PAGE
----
Earlier this year, I volunteered to advise our school's first iteration of a student council. Before I began meeting with students, I had been reading about democratic schools, in which students of all ages work alongside teachers in order to carry out school business, including school rules, funding, and hiring new staff. I hoped that student council could be a way to develop our students' leadership skills so that they too could have a meaningful voice in the direction of their school.
Students created a body that is open to all 3-5 students and driven by their passions and interests. The student council is not comprised of elected representatives, and its mission is not to carry out initiatives developed by adults in the school community. It is open to all students and focused on issues generated by students, and students do the work. My job is not to make sure that it accomplishes its goals in a timely manner. I see my role instead as posing questions to the group and modeling democratic processes. This makes progress slower, but it is the students' progress, and it results in deeper, more authentic learning experiences.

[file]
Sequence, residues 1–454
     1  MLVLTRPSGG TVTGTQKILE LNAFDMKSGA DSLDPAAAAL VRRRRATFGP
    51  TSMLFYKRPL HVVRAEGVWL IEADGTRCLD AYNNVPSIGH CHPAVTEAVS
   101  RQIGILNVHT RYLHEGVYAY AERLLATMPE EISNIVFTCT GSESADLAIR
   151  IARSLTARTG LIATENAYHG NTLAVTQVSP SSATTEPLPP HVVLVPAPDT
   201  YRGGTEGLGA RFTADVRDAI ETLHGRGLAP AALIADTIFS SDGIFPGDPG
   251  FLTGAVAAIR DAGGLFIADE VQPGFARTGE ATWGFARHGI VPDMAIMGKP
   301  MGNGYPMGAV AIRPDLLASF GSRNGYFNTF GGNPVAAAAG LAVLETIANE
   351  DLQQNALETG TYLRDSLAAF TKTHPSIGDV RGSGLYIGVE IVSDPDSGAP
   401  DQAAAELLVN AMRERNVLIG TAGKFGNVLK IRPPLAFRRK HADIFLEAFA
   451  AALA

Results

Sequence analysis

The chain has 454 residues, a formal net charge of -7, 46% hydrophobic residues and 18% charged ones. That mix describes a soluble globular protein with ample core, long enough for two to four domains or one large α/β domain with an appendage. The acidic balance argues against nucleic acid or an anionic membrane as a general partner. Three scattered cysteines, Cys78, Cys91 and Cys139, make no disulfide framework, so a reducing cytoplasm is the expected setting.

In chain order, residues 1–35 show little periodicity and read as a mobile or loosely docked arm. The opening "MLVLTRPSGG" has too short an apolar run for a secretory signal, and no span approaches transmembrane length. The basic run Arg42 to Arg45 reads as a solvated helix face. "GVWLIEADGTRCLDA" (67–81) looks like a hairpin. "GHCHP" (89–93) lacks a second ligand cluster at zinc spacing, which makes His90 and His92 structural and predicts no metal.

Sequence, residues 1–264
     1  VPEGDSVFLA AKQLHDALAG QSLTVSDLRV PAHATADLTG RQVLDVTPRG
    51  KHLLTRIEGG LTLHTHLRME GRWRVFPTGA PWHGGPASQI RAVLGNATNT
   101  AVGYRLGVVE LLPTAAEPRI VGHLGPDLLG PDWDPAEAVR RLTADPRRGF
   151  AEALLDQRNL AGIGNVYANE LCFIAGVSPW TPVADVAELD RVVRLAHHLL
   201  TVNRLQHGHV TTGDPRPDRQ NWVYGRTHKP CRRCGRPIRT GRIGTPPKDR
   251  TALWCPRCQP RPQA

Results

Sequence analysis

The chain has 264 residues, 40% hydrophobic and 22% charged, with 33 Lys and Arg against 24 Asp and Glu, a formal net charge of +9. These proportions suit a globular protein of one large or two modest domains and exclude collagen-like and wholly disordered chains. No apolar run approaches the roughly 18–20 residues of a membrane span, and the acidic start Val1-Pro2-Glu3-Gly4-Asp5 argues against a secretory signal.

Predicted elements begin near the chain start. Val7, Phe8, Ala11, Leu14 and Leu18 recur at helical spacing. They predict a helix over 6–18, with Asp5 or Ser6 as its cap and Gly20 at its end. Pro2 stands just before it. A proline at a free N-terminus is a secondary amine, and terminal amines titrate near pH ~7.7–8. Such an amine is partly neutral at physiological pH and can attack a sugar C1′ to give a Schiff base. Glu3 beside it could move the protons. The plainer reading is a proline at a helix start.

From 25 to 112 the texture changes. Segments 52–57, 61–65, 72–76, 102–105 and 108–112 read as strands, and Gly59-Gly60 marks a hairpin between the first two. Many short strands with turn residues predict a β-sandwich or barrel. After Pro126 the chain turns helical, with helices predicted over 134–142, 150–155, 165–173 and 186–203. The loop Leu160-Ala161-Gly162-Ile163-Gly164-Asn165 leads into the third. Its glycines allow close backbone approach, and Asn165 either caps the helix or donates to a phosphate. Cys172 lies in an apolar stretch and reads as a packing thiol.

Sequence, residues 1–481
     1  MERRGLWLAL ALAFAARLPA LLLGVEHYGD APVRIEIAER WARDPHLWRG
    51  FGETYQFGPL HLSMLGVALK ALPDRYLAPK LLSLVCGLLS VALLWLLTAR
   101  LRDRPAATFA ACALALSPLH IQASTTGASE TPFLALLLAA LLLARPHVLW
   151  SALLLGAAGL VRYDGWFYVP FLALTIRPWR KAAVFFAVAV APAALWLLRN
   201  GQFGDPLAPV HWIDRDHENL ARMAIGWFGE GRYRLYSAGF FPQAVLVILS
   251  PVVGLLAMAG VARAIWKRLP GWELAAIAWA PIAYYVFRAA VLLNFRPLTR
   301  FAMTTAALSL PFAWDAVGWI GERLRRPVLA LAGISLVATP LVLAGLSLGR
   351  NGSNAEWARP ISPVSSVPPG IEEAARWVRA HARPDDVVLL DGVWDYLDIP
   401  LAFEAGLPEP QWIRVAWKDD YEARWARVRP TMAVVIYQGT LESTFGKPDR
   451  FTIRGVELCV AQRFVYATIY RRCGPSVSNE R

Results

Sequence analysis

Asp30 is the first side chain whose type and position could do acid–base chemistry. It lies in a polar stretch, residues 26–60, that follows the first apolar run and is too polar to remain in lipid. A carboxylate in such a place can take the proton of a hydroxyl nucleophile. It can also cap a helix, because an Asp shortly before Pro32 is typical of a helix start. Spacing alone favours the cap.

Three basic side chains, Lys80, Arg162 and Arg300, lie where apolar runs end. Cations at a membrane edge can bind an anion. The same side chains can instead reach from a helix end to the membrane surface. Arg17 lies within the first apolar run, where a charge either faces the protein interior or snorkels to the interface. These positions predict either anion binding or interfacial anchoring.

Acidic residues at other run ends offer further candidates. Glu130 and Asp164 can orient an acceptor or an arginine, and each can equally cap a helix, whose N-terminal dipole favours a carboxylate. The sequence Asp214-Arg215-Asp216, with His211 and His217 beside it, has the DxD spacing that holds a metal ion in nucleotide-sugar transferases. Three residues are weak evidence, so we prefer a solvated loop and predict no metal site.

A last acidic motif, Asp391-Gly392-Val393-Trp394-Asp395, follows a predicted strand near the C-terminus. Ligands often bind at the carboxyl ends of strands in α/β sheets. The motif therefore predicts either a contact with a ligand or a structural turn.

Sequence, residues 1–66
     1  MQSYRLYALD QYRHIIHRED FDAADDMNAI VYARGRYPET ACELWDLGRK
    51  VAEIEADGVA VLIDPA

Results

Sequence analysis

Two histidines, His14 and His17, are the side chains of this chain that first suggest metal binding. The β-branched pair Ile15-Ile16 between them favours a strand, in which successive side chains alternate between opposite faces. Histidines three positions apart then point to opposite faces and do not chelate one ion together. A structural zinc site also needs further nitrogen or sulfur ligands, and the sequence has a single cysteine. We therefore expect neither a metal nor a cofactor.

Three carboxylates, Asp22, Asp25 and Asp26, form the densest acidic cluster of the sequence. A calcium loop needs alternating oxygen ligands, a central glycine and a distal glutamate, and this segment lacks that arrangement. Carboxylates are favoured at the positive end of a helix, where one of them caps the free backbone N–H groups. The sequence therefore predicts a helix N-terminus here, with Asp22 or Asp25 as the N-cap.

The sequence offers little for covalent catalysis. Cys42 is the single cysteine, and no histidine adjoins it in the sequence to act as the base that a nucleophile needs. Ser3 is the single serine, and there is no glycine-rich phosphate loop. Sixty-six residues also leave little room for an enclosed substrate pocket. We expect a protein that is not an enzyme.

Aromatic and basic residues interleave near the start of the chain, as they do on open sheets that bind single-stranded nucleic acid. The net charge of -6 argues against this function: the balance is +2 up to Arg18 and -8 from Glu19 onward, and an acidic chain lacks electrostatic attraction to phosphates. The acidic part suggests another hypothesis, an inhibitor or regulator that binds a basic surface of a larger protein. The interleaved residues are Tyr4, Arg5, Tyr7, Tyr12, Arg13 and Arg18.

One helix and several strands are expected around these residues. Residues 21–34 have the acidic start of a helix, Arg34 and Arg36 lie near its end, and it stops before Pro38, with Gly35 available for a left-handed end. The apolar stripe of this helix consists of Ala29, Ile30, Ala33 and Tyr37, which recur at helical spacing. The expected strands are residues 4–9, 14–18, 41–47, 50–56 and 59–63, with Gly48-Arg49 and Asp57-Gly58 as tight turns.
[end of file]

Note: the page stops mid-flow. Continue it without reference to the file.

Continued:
During their first meetings, students brainstormed a list of problems affecting them and prioritized those problems in order of importance. They identified conflicts at recess as the most pressing issue facing students. Student council members next prepared a survey for the student body in order to gain greater insight into that problem. Student council is currently in the process of analyzing survey data so that they can brainstorm possible solutions and eventually present those to our principal.
I have been impressed with their eagerness to tackle complex problems and the sophistication of their proposed solutions. I have also been reminded that if we want children to grow into responsible citizens, we must give them actual responsibilities. Moving forward, I hope to strengthen our student council as well as other ways for students to exercise voice and leadership in our school community.
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